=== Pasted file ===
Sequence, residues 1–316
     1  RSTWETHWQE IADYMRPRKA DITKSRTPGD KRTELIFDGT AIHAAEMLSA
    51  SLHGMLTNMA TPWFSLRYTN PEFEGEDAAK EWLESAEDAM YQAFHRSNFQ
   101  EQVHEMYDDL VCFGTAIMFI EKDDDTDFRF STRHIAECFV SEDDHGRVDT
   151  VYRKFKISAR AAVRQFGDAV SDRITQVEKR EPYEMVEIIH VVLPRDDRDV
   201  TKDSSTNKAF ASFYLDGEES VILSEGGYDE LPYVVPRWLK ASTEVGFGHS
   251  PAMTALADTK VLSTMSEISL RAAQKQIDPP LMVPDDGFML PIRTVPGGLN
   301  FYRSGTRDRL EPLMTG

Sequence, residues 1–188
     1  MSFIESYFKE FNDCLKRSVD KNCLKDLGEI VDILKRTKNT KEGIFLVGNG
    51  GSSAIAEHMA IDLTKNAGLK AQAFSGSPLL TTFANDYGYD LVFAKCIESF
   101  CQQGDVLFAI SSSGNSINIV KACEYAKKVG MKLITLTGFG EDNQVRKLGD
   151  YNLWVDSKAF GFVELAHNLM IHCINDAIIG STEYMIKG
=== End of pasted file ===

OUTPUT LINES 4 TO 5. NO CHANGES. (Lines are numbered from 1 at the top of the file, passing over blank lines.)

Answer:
   101  EQVHEMYDDL VCFGTAIMFI EKDDDTDFRF STRHIAECFV SEDDHGRVDT
   151  VYRKFKISAR AAVRQFGDAV SDRITQVEKR EPYEMVEIIH VVLPRDDRDV